Idlewild: A New Chapter

After calling an indefinite hiatus in 2010, Idlewild remerged last month with their first album in five years, ‘Everything Ever Written’, a collection of songs they’ve recorded in the last couple of years, on both sides of the Atlantic. The recording process saw two new members, Luciano Rossi and Andrew Mitchell (not the ‘Plebgate’ one), complement the three original founding fathers of singer Roddy Woomble, guitarist Rod Jones and drummer Colin Newton. As a result, Idlewild’s new material sounds more complete than previous offerings.

During their sabbatical, the original trio ploughed separate paths, with Woomble and Jones both releasing solo output that was heavily influenced by folk music. A dissatisfaction with what Jones believed to be ‘a saturated market for folk music’ led him to form a band ‘The Birthday Suit’, who produced a pair of albums before Idlewild reconvened. Woomble himself had used the break to work in a collective as well as on his own. Ultimately, given the hiatus was called amid no acrimony, it wasn’t a tough decision for the band to reconvene, and they believed that their hardcore fanbase still had an appetite for new Idlewild songs.

The band embarked on a jaunt around the Scottish Highlands roadtesting new material alongside a vast and rich back catalogue. However, this month sees the band’s first ‘full’ UK tour for with stops at Glasgow (twice), Birmingham (a review coming up soon), Manchester, London, Belfast and Dublin.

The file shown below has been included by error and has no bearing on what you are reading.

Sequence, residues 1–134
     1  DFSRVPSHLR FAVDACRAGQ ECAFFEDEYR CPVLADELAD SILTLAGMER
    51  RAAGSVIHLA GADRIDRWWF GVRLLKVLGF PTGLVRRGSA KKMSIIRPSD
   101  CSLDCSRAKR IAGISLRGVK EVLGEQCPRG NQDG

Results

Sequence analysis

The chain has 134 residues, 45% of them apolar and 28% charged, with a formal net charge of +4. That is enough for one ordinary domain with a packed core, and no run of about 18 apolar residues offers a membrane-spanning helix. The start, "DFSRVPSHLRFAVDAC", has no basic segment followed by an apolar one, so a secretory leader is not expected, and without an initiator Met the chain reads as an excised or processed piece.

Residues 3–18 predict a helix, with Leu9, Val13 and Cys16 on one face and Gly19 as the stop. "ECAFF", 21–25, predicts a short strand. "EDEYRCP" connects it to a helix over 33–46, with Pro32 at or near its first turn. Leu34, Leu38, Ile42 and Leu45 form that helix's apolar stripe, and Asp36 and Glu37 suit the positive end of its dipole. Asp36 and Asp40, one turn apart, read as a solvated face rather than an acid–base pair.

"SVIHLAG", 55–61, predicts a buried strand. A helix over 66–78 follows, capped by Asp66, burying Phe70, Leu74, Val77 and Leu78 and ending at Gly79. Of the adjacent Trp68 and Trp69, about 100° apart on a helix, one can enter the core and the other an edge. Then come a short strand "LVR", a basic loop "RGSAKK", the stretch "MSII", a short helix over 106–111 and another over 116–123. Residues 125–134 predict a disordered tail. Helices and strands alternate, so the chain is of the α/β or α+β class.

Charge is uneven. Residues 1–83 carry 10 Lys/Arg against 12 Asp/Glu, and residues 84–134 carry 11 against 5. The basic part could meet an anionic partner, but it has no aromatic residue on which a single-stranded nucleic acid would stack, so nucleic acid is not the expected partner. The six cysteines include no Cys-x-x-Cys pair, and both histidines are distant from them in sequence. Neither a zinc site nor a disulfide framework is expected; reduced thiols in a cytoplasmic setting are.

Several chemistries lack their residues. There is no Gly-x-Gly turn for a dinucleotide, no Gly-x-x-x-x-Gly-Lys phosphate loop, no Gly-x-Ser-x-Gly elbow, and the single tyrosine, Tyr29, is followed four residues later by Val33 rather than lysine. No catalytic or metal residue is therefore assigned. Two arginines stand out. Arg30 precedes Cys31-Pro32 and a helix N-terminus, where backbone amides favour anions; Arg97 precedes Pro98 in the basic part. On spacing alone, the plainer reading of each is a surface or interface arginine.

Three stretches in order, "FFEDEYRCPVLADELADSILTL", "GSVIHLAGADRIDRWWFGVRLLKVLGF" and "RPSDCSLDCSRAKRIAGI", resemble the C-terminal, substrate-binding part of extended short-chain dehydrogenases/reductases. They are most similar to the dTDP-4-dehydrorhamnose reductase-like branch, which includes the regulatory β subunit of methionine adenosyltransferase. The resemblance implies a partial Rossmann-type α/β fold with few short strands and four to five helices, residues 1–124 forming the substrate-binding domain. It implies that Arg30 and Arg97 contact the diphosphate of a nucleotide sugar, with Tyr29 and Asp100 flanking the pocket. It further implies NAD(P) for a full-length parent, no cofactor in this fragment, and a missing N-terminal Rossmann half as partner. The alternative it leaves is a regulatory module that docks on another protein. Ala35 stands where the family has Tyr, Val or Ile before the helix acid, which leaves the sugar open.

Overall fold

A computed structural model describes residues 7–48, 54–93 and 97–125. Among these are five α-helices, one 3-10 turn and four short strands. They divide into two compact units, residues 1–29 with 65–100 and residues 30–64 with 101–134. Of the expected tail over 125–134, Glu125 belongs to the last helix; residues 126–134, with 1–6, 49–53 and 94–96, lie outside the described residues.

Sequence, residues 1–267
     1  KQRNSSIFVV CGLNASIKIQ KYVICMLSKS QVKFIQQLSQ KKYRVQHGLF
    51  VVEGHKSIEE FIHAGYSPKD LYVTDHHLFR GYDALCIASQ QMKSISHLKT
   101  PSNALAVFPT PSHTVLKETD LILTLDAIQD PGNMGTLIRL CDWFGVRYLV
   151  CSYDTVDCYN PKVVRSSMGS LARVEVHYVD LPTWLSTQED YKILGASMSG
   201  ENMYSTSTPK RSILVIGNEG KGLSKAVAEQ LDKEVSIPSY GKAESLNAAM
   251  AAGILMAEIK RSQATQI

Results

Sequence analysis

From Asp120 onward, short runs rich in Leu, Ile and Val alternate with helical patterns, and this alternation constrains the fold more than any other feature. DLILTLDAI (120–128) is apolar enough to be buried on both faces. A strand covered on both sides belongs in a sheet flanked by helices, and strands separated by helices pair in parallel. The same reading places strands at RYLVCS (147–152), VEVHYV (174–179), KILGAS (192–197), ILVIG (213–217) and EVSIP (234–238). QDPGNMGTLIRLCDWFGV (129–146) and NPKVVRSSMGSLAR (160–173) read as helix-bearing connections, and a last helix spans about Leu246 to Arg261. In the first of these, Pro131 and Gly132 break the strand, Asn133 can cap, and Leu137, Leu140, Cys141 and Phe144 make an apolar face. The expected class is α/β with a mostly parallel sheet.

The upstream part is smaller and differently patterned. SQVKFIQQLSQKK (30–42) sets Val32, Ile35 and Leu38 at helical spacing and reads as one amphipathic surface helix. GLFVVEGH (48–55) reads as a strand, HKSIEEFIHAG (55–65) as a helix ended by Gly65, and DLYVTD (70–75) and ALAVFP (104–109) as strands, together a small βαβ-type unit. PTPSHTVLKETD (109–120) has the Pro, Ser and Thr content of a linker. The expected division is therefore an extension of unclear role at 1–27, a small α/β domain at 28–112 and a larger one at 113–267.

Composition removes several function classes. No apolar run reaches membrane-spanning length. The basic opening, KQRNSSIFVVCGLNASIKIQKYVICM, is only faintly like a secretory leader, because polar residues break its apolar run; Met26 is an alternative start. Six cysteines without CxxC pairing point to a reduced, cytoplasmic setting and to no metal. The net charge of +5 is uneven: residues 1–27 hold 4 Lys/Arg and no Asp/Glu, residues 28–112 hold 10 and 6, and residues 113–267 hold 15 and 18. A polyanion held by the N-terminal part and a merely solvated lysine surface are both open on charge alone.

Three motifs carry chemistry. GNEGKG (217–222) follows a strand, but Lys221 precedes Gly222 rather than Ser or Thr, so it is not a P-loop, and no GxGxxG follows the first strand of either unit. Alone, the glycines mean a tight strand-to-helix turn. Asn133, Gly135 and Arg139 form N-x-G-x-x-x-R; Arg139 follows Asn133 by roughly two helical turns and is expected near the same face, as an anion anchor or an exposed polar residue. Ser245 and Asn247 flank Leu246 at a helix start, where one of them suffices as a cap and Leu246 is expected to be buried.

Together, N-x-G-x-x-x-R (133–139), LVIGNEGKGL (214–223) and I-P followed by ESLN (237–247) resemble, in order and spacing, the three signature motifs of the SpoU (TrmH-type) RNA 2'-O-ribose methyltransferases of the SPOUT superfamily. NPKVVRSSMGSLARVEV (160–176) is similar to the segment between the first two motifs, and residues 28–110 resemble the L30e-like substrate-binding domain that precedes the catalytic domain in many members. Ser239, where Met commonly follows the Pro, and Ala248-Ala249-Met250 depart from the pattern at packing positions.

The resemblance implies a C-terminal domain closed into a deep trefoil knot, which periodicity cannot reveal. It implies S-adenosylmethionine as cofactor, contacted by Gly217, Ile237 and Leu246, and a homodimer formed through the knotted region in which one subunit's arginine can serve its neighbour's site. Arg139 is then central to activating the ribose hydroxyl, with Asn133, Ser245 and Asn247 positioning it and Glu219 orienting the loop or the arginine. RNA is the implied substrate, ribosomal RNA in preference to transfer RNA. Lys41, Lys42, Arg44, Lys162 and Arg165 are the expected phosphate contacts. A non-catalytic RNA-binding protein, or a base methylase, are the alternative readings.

In an age of banality, dumbing down, instant gratification, there’s something pleasing about the return of a band who have always brought a literate profundity to our ears, an intellectual depth missing from much of today’s offerings.

 

 

 

 



Bonobo at the Warehouse Project Manchester

Store Street, the home of this year’s Warehouse Project is an odd, sometimes scary place. Situated in a disused car park underneath Piccadilly Station in Manchester city centre its crumbling arches and dripping ceilings wouldn’t make Jack the Ripper feel out of place. Yet it’s Manchester’s home for top DJs and electronic musicians including MK, Chase and Status, and many more. Tonight was the turn of ambient and downtempo artist Bonobo, which in the dark dungeon-like scenery of the Warehouse Project may be an odd fit, but he brings his style of ambient chilled electronic to brighten up this dingy corner of Manchester.

Bonobo first appeared in 1999 and since then has gained traction in the electronic music scene, particularly 2010’s ‘Black Sand’ and follow up ‘The North Borders’. This show is near the end of a two year mammoth tour which has seen him play across the world to over 2 million people.